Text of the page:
“The Little Free Libraries began in a small town in Wisconsin,” said Bell. “There

see library/page A2

are now more than 60,000 registered Little Free Libraries in every U.S. state and across the world.”

The initiative of the Spalding Collaborative started when Bell went to the Spalding County Parks and Recreation Advisory Board with a request to put a LFL outside the Fairmont Community Center.

Just over a year later, the Brighter Tomorrows LFL is the 23rd to be dedicated in Spalding County.

“I want to thank Shannon Eller and her staff for sponsoring this Little Free Library,” said Bell. “Literacy opens doors for young people and is key to their success.”

Books can be donated at dropboxes outside First National Bank’s main office and the Women’s Center at WellStar Spalding Regional Hospital, or can be put in one of the boxes.

“It is take a book, leave a book,” Bell said.

As part of a 2017 Griffin Spalding county leadership project initiative, the First National Bank Marketing Director Andrea Dunson became the librarian for the local Little Free Libraries.

“Over the past year we have had an outpouring of book donations for this project,” said Dunson. “With the help of my leadership team, we created the project to gather and sustain books for the LFL, but someone still has to manage it daily.”

“Our leadership group approached First National Bank of Griffin and asked if they would they play a role in the sustainment of program,” said Dunson.

First National Bank President Chuck Copeland agreed to have a book dropbox and also agreed for all of the books to be stored in a room at FNB.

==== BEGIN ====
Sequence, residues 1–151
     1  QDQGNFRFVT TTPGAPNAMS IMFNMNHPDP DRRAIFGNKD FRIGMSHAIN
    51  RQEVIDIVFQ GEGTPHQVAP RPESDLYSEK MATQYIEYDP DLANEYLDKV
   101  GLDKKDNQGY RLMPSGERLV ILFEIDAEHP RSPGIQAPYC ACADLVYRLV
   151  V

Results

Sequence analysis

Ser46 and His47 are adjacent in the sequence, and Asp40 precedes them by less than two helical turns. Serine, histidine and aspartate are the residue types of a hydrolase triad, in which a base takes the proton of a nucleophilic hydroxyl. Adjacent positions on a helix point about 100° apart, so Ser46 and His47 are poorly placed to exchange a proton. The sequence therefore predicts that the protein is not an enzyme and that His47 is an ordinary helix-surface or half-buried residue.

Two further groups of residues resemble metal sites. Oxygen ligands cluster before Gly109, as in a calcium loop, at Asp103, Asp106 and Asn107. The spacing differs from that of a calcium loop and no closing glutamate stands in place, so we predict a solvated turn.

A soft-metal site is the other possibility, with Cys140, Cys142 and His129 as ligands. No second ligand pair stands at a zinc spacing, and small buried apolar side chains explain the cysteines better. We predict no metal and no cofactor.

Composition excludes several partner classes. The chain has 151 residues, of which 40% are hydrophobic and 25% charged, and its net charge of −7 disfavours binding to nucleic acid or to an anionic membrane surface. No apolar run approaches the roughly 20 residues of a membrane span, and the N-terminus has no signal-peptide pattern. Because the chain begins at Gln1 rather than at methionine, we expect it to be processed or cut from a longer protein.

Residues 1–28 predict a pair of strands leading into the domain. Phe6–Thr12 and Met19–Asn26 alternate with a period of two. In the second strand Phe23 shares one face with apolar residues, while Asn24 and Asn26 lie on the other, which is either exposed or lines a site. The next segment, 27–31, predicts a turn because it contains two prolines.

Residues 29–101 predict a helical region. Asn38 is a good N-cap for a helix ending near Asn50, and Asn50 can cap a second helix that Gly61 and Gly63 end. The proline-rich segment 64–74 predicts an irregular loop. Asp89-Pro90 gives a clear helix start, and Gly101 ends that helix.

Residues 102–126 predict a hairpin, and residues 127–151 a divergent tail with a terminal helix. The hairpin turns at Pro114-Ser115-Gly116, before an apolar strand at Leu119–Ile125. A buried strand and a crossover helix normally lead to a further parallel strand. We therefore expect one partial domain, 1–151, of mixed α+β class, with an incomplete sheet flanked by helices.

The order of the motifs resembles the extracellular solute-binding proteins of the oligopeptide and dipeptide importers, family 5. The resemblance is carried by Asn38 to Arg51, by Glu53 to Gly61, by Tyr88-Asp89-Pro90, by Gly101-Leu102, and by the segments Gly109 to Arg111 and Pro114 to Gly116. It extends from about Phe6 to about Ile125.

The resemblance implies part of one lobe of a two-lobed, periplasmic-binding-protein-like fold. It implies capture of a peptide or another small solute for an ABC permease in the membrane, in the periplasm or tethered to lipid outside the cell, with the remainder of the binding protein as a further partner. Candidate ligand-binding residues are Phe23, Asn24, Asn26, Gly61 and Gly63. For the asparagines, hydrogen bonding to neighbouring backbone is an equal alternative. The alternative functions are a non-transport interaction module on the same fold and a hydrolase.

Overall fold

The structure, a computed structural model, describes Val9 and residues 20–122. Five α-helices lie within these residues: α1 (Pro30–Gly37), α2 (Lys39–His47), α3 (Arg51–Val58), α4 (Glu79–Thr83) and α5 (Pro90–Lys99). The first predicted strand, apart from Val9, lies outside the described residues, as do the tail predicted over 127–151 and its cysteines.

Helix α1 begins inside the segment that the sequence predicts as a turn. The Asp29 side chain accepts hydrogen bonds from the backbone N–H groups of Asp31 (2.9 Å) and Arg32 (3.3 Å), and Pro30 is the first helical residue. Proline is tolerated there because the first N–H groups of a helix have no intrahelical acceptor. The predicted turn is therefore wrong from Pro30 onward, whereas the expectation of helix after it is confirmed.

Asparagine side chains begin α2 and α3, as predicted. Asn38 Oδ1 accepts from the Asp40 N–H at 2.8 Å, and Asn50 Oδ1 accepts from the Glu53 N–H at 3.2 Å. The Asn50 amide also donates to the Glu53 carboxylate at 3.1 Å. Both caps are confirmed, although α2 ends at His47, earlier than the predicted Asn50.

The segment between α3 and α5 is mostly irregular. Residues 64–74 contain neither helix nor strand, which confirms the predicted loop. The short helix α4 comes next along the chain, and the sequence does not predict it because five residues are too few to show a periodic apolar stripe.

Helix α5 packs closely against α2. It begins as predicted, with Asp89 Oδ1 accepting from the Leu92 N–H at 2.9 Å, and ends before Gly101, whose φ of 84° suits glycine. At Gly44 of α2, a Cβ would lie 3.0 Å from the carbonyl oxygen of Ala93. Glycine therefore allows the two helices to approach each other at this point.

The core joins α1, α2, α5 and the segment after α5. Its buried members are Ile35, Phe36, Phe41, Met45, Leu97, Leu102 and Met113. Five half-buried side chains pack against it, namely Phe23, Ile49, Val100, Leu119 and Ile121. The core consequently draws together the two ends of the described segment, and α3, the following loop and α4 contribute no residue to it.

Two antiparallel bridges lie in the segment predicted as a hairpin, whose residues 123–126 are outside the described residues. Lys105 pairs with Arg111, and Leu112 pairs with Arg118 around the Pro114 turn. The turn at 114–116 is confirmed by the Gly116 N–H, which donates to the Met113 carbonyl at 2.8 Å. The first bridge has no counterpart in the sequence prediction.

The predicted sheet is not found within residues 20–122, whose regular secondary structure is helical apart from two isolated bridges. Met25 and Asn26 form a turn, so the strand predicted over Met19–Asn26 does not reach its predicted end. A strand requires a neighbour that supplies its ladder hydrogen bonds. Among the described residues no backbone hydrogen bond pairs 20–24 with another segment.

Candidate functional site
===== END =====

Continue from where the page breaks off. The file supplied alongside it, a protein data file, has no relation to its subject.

“We have run out of space with the current shelves, and are having to make more room for the amount of books we are receiving,” said Dunson.

She had extra help this summer with an intern, Kylie Griffin, who will be a senior at Spalding High School in August.

“The idea of the Little Free Library is just amazing, and something I knew I wanted to help with when I heard about it,” said Griffin. “The opportunity to give people a chance to further their imagination with access to free books is so inspiring to me.”

Griffin organized and categorized all of the library books with the help of John Copeland, who is working to earn his Reading badge for Boy scouts.

“In addition to reorganizing the storage area for the books, Kylie and John visited all of the LFL, swapped out books, saw if any of the libraries need repair, and refilled all of the libraries with different books,” said Dunson.

According to Brett Bell and Doris Breland of the Spalding Collaborative, who Bell describes as “my right and left hands” in the initiative, the need for books continues as plans are in the works for more Little Free Libraries in Spalding County.

Landra Larson Griffin News
June 29, 2018

Little Free Library coming to Southside Hope Health Clinic

Southside Hope Health Clinic will be getting a Little Free Library.

The dedication for it will be 3:45 p.m., Wednesday at 409 W. Solomon St., Griffin. The box is a former newspaper box was donated and sponsored by The Griffin Daily News and decorated by A.Z. Kelsey Academy students.